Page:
Worship, offerings, rites; ritual, ceremonial, decorum, courtesy, etiquette; ceremony
|girei / gire / ぎれい||
etiquette; courtesy; (given name) Girei
|tenrei / tenre / てんれい||
(noun - becomes adjective with の) ceremony; etiquette; courtesy; (Catholic) liturgy; (given name) Tenrei
|reigi / regi / れいぎ||
manners; courtesy; etiquette
|reihou / reho / れいほう||
etiquette; courtesy; manners
|reigisahou / regisaho / れいぎさほう||
(yoji) etiquette; courtesy
The following table may be helpful for those studying Chinese or Japanese...
|Title||Characters||Romaji(Romanized Japanese)||Various forms of Romanized Chinese|
|礼儀 / 禮儀|
|rei gi / reigi||lǐ yì / li3 yi4 / li yi / liyi||li i / lii|
|lǐ yì / li3 yi4 / li yi / liyi||li i / lii|
Spirit of Taekwon-do
|tái quán dào jīng shén lǐ yì lián chǐ rěn nài kè jǐ bǎi zhé bù qū|
tai2 quan2 dao4 jing1 shen2 li3 yi4 lian2 chi3 ren3 nai4 ke4 ji3 bai3 zhe2 bu4 qu1
tai quan dao jing shen li yi lian chi ren nai ke ji bai zhe bu qu
|t`ai ch`üan tao ching shen li i lien ch`ih jen nai k`o chi pai che pu ch`ü
tai chüan tao ching shen li i lien chih jen nai ko chi pai che pu chü
|In some entries above you will see that characters have different versions above and below a line.|
In these cases, the characters above the line are Traditional Chinese, while the ones below are Simplified Chinese.
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All of our calligraphy wall scrolls are handmade.
When the calligrapher finishes creating your artwork, it is taken to my art mounting workshop in Beijing where a wall scroll is made by hand from a combination of silk, rice paper, and wood.
After we create your wall scroll, it takes at least two weeks for air mail delivery from Beijing to you.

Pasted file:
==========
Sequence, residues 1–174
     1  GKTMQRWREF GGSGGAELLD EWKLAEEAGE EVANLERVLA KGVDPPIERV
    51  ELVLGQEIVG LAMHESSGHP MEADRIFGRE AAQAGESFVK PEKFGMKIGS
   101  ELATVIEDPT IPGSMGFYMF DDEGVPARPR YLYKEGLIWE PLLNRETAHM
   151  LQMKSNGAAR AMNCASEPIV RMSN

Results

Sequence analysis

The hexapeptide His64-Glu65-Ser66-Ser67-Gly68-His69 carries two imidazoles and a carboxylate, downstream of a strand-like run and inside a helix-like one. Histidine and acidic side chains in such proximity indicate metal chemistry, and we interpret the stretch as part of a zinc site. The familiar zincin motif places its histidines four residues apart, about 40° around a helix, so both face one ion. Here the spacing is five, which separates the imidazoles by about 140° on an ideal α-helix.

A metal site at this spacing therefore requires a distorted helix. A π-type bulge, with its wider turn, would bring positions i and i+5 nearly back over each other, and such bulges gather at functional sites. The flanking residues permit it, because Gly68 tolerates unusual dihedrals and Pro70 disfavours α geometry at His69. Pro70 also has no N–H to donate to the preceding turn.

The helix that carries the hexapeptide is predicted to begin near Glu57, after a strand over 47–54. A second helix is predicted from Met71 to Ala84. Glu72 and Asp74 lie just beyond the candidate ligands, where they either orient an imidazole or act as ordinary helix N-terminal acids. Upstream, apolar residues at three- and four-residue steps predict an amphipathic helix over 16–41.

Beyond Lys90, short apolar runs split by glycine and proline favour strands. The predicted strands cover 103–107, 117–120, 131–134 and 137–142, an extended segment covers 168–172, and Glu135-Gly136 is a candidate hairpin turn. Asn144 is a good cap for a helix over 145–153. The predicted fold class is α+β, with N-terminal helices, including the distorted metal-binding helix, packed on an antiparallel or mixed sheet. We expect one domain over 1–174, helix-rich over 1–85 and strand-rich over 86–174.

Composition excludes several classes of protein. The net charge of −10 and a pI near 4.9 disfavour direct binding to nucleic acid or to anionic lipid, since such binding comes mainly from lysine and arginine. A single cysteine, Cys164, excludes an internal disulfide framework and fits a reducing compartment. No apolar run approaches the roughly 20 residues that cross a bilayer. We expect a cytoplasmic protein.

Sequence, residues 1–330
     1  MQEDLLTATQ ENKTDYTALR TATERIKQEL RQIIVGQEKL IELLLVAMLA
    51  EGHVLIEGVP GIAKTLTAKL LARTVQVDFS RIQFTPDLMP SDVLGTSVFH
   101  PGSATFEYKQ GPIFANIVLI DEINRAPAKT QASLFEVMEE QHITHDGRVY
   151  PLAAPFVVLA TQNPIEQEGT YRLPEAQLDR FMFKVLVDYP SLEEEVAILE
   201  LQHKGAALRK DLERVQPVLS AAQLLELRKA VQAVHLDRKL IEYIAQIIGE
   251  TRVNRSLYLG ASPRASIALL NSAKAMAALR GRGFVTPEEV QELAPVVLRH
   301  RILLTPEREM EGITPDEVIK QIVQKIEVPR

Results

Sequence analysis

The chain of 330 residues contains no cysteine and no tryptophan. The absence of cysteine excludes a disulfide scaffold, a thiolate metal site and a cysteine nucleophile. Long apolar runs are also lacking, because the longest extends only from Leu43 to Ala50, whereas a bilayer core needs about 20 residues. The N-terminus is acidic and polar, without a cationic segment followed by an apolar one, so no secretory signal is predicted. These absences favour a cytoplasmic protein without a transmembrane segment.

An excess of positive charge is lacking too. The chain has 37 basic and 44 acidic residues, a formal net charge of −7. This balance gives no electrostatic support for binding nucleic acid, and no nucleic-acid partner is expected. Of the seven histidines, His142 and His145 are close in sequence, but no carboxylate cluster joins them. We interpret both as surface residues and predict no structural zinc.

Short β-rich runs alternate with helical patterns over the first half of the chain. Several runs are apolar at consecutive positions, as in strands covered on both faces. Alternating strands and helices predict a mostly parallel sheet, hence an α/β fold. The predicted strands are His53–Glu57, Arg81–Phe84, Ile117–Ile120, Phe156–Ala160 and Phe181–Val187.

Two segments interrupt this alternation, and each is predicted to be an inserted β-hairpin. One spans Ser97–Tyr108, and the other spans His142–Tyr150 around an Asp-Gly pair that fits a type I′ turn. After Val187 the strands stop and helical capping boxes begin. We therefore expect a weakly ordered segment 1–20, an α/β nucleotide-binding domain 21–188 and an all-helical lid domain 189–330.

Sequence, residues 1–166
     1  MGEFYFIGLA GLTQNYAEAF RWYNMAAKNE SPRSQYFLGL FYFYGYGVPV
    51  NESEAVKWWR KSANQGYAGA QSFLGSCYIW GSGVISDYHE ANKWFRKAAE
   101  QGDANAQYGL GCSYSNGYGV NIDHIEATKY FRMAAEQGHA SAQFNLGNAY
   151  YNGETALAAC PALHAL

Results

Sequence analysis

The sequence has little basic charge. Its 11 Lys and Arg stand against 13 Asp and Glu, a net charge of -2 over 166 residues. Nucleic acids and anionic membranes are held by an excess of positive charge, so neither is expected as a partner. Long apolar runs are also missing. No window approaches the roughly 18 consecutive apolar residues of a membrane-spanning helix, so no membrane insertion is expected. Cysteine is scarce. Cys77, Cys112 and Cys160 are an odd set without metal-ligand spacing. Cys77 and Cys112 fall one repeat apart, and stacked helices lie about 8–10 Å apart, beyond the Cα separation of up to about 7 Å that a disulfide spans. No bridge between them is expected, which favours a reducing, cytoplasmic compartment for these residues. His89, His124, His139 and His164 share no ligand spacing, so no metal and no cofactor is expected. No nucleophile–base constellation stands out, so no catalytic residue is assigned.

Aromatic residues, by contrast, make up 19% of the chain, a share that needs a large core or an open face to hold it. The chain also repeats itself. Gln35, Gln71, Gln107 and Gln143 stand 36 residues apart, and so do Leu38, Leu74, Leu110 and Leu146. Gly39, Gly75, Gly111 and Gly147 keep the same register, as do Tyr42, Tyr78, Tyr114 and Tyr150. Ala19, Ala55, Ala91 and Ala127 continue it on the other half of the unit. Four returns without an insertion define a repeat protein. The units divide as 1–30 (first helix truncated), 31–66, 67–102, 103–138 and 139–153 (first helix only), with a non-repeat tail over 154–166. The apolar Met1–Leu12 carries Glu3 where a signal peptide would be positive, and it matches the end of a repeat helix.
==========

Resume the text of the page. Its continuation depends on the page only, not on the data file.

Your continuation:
Allow a few weeks for delivery. Rush service speeds it up by a week or two for $10!
When you select your calligraphy, you'll be taken to another page where you can choose various custom options.
The wall scroll that Sandy is holding in this picture is a "large size"
single-character wall scroll.
We also offer custom wall scrolls in small, medium, and an even-larger jumbo size.
Professional calligraphers are getting to be hard to find these days.
Instead of drawing characters by hand, the new generation in China merely type roman letters into their computer keyboards and pick the character that they want from a list that pops up.
There is some fear that true Chinese calligraphy may become a lost art in the coming years. Many art institutes in China are now promoting calligraphy programs in hopes of keeping this unique form of art alive.
Even with the teachings of a top-ranked calligrapher in China, my calligraphy will never be good enough to sell. I will leave that to the experts.
The same calligrapher who gave me those lessons also attracted a crowd of thousands and a TV crew as he created characters over 6-feet high. He happens to be ranked as one of the top 100 calligraphers in all of China. He is also one of very few that would actually attempt such a feat.
Check out my lists of Japanese Kanji Calligraphy Wall Scrolls and Old Korean Hanja Calligraphy Wall Scrolls.